Governor General’s Conference on Giving: Working Together for the Common Good
Rideau Hall, Thursday, April 27, 2017
I’d like to welcome all of you to Rideau Hall for this conference on giving.
We’re here during National Volunteer Week to discuss and share ideas of where giving is headed, how we can encourage Canadians to give and how we can build sustainable giving in the long term.
For me, this day is very personal. Almost seven years ago, in October 2010, I said in my installation speech that volunteerism and philanthropy are essential to a smart and caring nation.
Since that day, I have travelled to every province and every territory.
And what I’ve seen is truly a smart and caring nation.
You would think, then, that I would have a solid grasp on the idea of giving, but to define it is still quite tricky.
I’ve seen giving evolve and change into something wholly different than what my grandparents were accustomed to when they would tithe the first 10 per cent of their income to charitable causes.
New technologies, for example, have made giving easier but have also presented their fair share of challenges. It is wonderful that we can show our support of a cause through likes and retweets, but we must go further if we want to make a real and lasting impact.
From what I’ve seen, while there are common elements to how and why people give, there is no single approach. Instead, we have targeted and innovative giving that meets the specific needs of a community.
And if there’s one thing I’ve learned in my time as governor general, it’s this: giving is transformative.
I’ve met with Canadians of all ages and backgrounds who are opening their hearts and giving back in countless ways.
Their giving not only has changed lives—including their own—but also has the potential to change whole communities.
I saw it in Fogo Island, Newfoundland and Labrador, through the Shorefast Foundation, which is helping to diversify the economy of this rural community, which was once almost solely dependent upon the cod fishery.
Thanks in part to the work of this foundation, Fogo Island is preserving its traditions and culture and creating new opportunities for residents.
Giving can start at a very young age. Consider the example of Hannah Taylor of Winnipeg, who at age five wondered why there were homeless and hungry people when there was so much to share. So she decided to do something about it and recruited a bunch of volunteers and givers.
Today, more than ten years later, her organization, the Ladybug Foundation, has helped to raise millions of dollars for projects across the country, including shelters and food banks.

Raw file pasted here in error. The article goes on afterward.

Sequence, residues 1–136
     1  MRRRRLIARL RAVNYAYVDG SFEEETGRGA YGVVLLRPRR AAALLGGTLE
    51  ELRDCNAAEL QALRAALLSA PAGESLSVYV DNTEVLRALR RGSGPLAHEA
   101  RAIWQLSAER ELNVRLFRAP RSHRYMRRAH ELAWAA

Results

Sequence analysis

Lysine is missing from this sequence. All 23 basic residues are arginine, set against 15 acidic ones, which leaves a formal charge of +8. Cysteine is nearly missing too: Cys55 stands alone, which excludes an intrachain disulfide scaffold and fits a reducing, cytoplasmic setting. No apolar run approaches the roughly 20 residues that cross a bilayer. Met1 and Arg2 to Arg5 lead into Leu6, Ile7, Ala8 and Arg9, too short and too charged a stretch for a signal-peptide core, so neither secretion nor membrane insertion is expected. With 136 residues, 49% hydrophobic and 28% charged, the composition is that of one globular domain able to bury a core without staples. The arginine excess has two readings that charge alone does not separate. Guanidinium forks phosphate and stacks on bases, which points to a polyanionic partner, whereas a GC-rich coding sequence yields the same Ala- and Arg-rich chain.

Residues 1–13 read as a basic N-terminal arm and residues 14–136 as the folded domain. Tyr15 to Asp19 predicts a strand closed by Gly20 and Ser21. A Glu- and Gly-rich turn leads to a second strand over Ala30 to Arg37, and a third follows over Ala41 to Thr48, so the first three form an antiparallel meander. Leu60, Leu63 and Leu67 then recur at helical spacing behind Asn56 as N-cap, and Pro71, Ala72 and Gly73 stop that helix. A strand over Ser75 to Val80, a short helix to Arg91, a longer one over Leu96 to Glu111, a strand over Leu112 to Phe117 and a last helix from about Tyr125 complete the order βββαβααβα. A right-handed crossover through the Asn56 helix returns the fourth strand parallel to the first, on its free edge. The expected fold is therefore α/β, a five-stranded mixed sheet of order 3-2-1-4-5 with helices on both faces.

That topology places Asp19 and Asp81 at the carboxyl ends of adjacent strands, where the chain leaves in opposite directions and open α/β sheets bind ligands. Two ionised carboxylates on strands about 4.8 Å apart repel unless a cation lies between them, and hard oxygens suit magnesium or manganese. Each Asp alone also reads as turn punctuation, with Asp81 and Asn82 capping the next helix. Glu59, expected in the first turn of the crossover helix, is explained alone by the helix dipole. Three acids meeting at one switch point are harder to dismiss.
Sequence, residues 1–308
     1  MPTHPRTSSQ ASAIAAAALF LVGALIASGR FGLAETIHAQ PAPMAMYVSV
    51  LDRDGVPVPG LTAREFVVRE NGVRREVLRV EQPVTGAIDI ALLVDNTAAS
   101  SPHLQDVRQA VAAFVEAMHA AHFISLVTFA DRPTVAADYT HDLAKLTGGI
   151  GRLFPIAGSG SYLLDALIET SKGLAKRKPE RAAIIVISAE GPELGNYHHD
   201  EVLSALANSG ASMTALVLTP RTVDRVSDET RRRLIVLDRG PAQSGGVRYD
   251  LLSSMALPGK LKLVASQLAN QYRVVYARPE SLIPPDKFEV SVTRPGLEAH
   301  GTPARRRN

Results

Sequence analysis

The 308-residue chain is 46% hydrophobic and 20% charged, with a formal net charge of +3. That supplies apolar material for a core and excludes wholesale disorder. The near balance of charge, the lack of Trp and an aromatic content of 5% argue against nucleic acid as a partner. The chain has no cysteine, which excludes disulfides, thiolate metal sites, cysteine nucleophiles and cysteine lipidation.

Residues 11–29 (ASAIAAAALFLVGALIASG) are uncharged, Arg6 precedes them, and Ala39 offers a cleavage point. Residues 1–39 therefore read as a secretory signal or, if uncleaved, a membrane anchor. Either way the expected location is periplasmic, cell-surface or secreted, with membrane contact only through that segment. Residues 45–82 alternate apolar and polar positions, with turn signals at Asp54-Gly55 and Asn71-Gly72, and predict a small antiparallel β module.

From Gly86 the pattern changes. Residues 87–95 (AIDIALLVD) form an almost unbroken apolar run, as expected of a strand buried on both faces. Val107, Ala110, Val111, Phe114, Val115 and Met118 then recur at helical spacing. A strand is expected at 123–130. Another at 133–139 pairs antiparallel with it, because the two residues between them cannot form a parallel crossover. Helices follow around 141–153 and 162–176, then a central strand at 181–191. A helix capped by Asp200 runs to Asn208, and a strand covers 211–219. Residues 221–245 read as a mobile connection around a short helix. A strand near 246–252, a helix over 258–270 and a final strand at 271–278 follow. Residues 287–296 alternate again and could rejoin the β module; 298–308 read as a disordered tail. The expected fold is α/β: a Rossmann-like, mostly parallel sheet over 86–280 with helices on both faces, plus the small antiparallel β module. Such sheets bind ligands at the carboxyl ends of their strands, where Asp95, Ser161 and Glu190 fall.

Transformation driven by need and inspired by individuals affecting an entire community.
That’s the power of philanthropy.
That’s the power of volunteerism.
But we cannot be complacent.
We have a unique challenge facing us.
Canadians are generous. I’ve seen this. You’ve seen this.
We care deeply about causes and are smart about how we give.
But too few Canadians are actively involved. Too many are sitting on the sidelines. Too many do not have the right motivation to give.
How do we change this?
By finding the right inspiration.
Let me share a story with you.
When I was the dean of law at Western University I gave the introduction to each incoming class. I said, “You are about to enter a noble profession. You will develop precious skills. Try to give 10 per cent of your time to pro bono work. I guarantee that as much as you enjoy the 90 per cent of your regular work you will enjoy the 10 per cent even more.”
Years later, many of the graduates would come back to me and say:
“Dean, I just couldn’t give 10 per cent of my time, but the 3–4 per cent that I was able to give was always the most meaningful. And I’m trying harder.”
I love that story what it says about human nature and our experience of giving. Not only does giving make a difference to others, it means something to us. This kind of generosity leads to a wonderful reciprocity of giving, a virtuous circle.
That is what motivates people to give—that feeling that you’ve done something meaningful and fulfilling for yourself and others.
The question becomes how do you encourage that? How do you harness that energy? How do you move people from watching to doing? How do we go from ‘what’ to ‘so what’ to ‘now what’?
All of you who are gathered here today know exactly how to do this. You’ve been successful in persuading people to become actively involved.
You’re non-profit and corporate leaders, academics and public servants and you’re here to help us strengthen our giving culture. You’re here because you know that this is an issue that affects all of us.
I would also like to mention that today marks another milestone: the closing of the My Giving Moment campaign.
This national social-marketing initiative gave rise to a new community of Canadians who shared their stories online and on social media platforms to inspire people to get involved. I’m truly thankful to all of the partners who have joined us on this journey—many of whom are here with us today. And I thank the Rideau Hall Foundation for your commitment to giving and for taking on what was started with this campaign.
So where do we go from here?
We go further.
Let us not be satisfied with the status quo. We should strive for something better, something stronger.
As communities and as a country, we must innovate and find creative ways to give.
Giving, after all, is a form of nation-building—that which puts people first.
Let’s continue to use our talents, our expertise, our energy to create a new national approach to understand and motivate giving in Canada.
I encourage you to take this opportunity to meet new people, to learn from different experiences and sectors, and to help us pinpoint the questions we still need to ask.
I look forward to learning from your perspectives.